Numerous studies have shown that the stress of loneliness is responsible for an innumerable of health problems that affect us even at a cellular level.

According to research presented at the 125th annual convention of the American Psychological Association, loneliness and social anomie could be a greater public health hazard than obesity.

Social isolation indicates a lack of contact with other people.

Lead author Dr Julianne Holt-Lunstad, Professor of Psychology at Brigham Young University, Utah, said being connected to others socially is widely considered a fundamental human need—crucial to both well-being and survival.

“Extreme examples show infants in custodial care who lack human contact fail to thrive and often die, and indeed, social isolation or solitary confinement has been used as a form of punishment.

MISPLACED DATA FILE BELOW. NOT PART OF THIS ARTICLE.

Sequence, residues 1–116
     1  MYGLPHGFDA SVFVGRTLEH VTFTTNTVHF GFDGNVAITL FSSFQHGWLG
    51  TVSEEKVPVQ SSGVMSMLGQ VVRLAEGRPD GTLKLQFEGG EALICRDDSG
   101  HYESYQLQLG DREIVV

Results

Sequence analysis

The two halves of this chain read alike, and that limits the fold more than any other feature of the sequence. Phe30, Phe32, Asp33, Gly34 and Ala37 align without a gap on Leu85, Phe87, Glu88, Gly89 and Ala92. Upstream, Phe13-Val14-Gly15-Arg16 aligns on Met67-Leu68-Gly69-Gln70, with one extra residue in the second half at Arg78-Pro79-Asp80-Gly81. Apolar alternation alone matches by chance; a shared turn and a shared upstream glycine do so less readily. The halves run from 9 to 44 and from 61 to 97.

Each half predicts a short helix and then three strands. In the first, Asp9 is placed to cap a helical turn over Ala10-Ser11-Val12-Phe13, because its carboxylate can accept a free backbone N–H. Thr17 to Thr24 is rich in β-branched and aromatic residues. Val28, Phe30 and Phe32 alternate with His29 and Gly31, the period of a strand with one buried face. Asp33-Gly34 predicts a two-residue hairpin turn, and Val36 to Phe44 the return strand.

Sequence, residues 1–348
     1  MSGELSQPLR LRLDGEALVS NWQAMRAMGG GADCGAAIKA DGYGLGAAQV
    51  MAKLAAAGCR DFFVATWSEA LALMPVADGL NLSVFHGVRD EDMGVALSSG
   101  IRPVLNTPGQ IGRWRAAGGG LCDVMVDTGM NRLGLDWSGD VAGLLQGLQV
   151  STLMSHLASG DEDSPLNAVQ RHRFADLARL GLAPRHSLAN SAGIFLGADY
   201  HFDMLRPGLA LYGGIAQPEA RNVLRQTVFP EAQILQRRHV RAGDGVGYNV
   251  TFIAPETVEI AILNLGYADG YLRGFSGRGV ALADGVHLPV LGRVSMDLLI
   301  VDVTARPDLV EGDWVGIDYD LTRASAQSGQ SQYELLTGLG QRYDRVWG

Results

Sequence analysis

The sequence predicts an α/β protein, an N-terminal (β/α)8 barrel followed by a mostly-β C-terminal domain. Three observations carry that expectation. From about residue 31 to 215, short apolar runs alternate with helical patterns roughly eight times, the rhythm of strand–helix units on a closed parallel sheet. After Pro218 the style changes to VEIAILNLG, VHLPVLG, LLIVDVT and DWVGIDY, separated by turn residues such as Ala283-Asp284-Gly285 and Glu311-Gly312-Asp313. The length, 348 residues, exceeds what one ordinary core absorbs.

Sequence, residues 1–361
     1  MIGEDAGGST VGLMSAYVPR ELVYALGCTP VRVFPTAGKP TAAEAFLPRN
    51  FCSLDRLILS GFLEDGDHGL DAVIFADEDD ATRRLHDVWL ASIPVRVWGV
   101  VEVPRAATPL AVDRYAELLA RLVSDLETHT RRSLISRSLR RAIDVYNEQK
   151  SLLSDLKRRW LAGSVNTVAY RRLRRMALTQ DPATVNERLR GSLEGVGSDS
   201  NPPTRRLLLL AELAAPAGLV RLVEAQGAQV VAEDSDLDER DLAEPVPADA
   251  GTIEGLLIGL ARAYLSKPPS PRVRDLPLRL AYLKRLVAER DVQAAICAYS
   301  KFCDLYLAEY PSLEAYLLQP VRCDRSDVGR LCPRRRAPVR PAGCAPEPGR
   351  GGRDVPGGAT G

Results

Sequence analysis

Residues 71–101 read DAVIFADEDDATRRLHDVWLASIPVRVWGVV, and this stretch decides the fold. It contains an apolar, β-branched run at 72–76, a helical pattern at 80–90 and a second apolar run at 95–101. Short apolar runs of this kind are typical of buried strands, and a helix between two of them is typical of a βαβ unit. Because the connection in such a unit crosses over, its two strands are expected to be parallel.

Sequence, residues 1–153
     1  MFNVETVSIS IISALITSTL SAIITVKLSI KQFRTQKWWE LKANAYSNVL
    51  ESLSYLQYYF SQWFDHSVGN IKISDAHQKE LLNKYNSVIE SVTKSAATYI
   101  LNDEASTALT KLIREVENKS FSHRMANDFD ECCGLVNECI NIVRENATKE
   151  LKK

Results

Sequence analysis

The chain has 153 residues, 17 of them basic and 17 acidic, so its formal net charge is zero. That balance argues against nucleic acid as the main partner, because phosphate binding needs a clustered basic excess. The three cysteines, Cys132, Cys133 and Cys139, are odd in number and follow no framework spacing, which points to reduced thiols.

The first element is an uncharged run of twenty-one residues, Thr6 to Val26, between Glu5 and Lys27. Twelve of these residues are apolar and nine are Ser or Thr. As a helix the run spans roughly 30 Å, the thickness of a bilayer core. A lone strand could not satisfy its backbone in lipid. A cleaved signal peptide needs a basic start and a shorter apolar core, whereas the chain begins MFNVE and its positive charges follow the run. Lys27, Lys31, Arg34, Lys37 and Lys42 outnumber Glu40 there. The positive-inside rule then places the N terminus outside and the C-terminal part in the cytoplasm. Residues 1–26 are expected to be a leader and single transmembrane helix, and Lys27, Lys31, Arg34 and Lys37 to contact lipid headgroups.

“Yet an increasing portion of the U.S. population now experiences loneliness regularly.

She added that community planners should make sure to include shared social spaces that promote gathering and interchange, such as diversion centers and community gardens.

In 2015 Holt-Lunstad published an innovative study on health effects of loneliness. That study says, social isolation, loneliness or living alone increased the risk of untimely death by, respectively, 29%, 26%, and 32%.

Through the research, they concluded that these three factors have a meaningful and a similar effect on risks of early death. Therefore, loneliness is worse than obesity..

So make sure you get out a bit more, and talk to your friends and colleagues more oftentimes – it’s good for your health.